Year Produced 2017 
Impact The early version of 2010 has been applied on the Pang catchment in the UK and on other catchments in Cyprus, Italy and Brazil to study the impact of climate change and land use changes on water resources. The studies highlighted the gap between supply and demand in those catchments up to 2050. Also quantified the possible impact of climate change on water resources. Particular interest was given to impact of changing land use to account for more durum wheat areas in Italy, use of Sugar Cane as biofuel in Brazil on water resources. The results were published and communicated by the National Researchers to their authorities in those countries for actions. More details can be found at: Ragab et al. 2010, D'Agostino et al. 2010, Montenegro and Ragab 2010, Montenegro and Ragab 2011. 
URL http://dryproject.co.uk/
 
Title IHMS-Integrated Hydrological Modelling System. (2018) with added in Climate Change Scenarios and Uncertainty Analysis.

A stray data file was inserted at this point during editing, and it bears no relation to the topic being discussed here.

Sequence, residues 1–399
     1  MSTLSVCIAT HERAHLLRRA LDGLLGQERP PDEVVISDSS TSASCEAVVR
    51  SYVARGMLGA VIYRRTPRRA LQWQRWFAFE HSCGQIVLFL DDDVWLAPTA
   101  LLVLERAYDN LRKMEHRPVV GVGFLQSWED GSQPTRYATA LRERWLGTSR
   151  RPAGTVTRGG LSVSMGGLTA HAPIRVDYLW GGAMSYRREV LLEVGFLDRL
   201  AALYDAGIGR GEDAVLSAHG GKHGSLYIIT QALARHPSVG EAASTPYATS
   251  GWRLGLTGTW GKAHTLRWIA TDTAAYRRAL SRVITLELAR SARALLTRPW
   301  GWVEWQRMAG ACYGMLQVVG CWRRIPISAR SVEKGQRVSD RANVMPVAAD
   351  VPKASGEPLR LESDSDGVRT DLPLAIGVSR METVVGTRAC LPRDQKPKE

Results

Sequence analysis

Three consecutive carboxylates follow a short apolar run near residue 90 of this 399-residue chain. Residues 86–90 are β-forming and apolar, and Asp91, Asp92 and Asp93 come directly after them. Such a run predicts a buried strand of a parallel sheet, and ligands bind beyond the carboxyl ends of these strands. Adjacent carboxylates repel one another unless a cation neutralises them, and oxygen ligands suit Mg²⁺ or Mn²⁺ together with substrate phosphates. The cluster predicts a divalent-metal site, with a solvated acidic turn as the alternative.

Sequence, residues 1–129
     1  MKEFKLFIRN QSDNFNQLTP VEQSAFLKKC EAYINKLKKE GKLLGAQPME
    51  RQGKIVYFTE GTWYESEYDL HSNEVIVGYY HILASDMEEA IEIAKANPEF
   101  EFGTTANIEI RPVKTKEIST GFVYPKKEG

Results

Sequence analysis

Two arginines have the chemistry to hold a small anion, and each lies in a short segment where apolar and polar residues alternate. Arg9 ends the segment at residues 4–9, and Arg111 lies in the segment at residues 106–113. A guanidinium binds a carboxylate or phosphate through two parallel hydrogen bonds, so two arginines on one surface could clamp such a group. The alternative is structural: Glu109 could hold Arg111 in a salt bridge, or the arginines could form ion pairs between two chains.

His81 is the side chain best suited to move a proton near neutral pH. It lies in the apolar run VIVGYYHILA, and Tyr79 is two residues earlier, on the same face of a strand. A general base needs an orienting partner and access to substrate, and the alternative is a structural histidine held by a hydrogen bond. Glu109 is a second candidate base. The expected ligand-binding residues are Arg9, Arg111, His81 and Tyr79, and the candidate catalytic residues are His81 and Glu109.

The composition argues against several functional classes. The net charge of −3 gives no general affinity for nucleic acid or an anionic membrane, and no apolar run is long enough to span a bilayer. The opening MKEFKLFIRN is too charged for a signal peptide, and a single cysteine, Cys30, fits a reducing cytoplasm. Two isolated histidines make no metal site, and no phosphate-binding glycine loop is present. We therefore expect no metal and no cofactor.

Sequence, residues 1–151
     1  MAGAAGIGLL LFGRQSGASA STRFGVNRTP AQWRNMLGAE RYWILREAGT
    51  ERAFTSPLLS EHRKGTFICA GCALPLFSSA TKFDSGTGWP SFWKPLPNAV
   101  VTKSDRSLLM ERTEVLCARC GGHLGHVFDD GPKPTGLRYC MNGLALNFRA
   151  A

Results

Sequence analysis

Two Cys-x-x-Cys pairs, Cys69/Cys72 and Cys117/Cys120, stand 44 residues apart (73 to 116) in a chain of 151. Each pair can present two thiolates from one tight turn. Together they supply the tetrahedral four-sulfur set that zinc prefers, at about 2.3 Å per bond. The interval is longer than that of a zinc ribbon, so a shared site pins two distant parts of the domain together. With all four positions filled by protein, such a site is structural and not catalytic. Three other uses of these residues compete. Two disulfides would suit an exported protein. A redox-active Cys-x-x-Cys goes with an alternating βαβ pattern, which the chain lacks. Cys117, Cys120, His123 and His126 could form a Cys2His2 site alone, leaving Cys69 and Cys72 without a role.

Description The early version dedicated for the Hydrological processes at catchment scale (2015-2017) did not include a code for sophisticated climate change scenarios or uncertainty analysis of model stream flows In late 2017- early 2018, a code to help selecting the relevant flows out of numerous number of iterations for the Uncertainty level of model results calculation by the GLUE methodology "Generalised Likelihood Uncertainty Estimation". This included setting up a threshold value of Nash Sutcliff Efficiency factor above which the model will keep the results of the relevant iteration and discard those below the threshold. In late 2017- early 2018, a code to allow the model to use the Climate change scenarios and data generated by the UKCP09 Weather Generator.. This includes runs of 100's of realization input files of climate change scenarios (three , 30 years periods: 2020's (2010-2039), 2050's (2040-2069), 2080's (2070-2099) and three emission scenarios (high, medium & low) for each period. to study the climate changes impact on catchment hydrology using the 1961-1990 as a baseline. Model software was adapted to run 900 input files per catchment and record 900 output files.